The rustic, weathered, vintage look is very popular these days and seem to sell well. One can see it in furniture, crafts and painting. Just take a look at some of the most popular (and most sold) artworks on sites such as Fine Art America and Society6. There is something about a vintage styled painting that brings us back to a time past.
I’ve been wondering how some artists achieve the appearance of crackling and rust in their paintings so easily.
Whenever I’m wondering something like this, I wander on over to Youtube or Google Search to learn more.
These are some tutorials I’ve found on achieving a vintage and grungy effect with acrylic paint.
How to Weather and Crackle Acrylic PaintPaint Jackson’s Art Supplies shares a very informative and interesting video on how to apply various viscosities, layering effects, and textures using different acrylic mediums. Patty Brady demonstrates the use these mediums in this video.
These are the steps in her demonstration:
- Apply a layer of molding paste, which dries white.
- Mix in a rust or dull color, such as yellow ochre or paynes grey.
- Use a palette knife to spread the mixture over the canvas and let dry.
- Patty uses a stencil to create an embossed design with the remaining molding paste mixture.
- Add crackle paste. Applied thinly will result in small cracks; spread thickly causes large crackling. Let this dry.
- Dampen the entire surface of the painting. Next, mix green and black, and water it down to create a stain. Cover the entire surface with this stain.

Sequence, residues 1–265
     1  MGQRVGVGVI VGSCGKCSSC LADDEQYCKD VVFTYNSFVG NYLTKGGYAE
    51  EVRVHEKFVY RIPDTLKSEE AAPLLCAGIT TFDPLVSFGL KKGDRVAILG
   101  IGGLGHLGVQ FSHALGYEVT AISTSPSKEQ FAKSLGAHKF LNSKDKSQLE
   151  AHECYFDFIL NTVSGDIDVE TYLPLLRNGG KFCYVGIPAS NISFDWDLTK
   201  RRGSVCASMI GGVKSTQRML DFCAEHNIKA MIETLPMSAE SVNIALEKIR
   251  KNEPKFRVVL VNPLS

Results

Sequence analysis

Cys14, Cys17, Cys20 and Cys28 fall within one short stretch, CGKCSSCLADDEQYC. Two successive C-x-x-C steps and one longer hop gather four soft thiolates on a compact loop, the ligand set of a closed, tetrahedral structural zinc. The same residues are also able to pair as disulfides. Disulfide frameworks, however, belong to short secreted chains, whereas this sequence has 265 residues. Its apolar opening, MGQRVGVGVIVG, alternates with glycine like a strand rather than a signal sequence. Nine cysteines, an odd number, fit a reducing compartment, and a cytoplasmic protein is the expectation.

- Apply a thin layer of glass bead gel.
- Experiment with different viscosities of paint, mix them together, and pour the mixture over the painting.
If you are interested in these effects, it is recommended to go through this entire demonstration yourself. Obviously, you can delete certain steps or reorder them according to your desired painting effect.
How to Add a Rust Effect to Acrylic PaintingsThere are many ways of making an appearance of real rust with acrylic paint. Shoshi Platypus gives a demonstration concerning creating rust with acrylic paint. The materials she uses are liquid acrylic paints, Winsor & Newton copper acrylic paint, black gesso and Golden course pumice acrylic gel medium. She goes through several steps, until she achieves the look of rust in the end. Take a look.
Here are the steps:
- Cover the canvas or art card with black gesso, then let dry (or use an hair dryer as she uses).
- Spread a layer of blue paint and dry this.
- Use a palette knife to spread on acrylic gel medium thinly, and let this dry also.
- Paint a thin layer with burnt seanna or an approximate color. Dab this with a paper towel or cloth to remove excess paint. Dry this.
- Create yet another layer with a lighter color (orange).
- Use the copper acrylic paint for a final thin layer.
As you can see, she achieves a good appearance of rust using this method. There are obviously several ways of doing this. If you create rust a different way, care to share it with us?
Paint the Effect of Weathering and RustSome artists have become real pros at achieving a rustic effect very easily, simply by using watercolor or acrylic. Take a look at some of Paul Buford’s paintings in his spotlight at Artpromotivate.
He paints watercolor images of antique and weathered cars, trucks, motorcycles and more.
His paintings are incredibly realistic and lifelike, and the rust on the vehicles is very prominent.
Rusty 50's Bel Air - teal rusty chevy bel air © Paul Buford
Australian artist Pearl Rogers paints weathered images and rustic scenes. Take a look at her painting Chev 6, an image of a rust covered old vehicle.
Have you tried any of these rustic and weathered painting effects yourself? Do you have your own personal technique for creating a vintage texture?